Apparently i have switched to full-on advocacy mode. I probably should have seen that coming. ;)

To criticize it from another angle, alignment reduces player agency. If they are doing something because their alignment demands it instead of because they want to or because it's fun, then they have less immediate control of their characters. Sure, they chose the alignment in the first place, but what seemed fine when designing the character might not fit after a few levels in the world. The obvious answer to that is (unless they're a paladin) they have varying degrees of freedom to change their alignment, and if, mechanically speaking, changing alignment doesn't matter all that much for most characters, then why use it at all? For situations where a particular set of behaviors is encouraged or required, more concrete forces can easily fill the void that alignment leaves. Culture, Religion, even the direct action of the Gods and Goddesses themselves.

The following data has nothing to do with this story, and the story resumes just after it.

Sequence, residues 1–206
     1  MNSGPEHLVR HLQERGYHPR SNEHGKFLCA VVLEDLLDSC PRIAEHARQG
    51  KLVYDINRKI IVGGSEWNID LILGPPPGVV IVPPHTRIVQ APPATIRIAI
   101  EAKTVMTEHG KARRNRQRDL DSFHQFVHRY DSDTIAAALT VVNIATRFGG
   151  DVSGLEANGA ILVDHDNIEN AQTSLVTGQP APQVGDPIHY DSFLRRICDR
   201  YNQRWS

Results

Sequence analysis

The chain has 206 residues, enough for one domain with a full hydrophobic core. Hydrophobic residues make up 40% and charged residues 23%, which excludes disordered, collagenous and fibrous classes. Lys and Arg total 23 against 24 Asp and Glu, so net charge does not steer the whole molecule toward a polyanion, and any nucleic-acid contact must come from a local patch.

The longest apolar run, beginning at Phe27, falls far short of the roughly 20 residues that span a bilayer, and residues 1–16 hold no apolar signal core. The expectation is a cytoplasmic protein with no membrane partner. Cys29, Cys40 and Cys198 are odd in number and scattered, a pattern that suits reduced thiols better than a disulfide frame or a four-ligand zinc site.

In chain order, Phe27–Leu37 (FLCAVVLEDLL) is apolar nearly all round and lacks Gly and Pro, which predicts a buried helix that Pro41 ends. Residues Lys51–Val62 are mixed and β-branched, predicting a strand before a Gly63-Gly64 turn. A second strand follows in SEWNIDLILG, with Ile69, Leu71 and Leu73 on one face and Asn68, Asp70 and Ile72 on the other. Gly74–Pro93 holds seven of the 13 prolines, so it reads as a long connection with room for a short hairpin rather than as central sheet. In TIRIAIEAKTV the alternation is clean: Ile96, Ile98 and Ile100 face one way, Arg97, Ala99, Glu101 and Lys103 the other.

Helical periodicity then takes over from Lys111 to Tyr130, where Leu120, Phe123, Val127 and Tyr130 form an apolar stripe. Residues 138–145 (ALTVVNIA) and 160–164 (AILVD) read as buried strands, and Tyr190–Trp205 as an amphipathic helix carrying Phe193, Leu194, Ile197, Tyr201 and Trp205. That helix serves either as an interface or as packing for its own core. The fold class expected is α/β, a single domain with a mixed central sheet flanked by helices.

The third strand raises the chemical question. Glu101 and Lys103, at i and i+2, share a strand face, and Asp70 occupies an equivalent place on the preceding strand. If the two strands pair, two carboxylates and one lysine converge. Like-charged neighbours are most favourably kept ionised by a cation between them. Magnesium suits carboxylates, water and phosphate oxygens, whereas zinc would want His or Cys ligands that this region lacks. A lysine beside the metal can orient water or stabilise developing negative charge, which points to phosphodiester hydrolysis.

To be clear: i'm not suggesting that any character should do anything the player feels like doing at any time. Choices should be based on the character's concept, history, the situation at hand, and the player's wishes. No meta-game labels are necessary.

In the end, i'd say the proof is in the pudding. It's easy to hang on to alignment because it has been in our games for 30+ years and we're all familiar with it, but because it's such a weak mechanic, it's also easy to drop it entirely. Try it next time you play. I doubt you'll miss it.

Helmutye: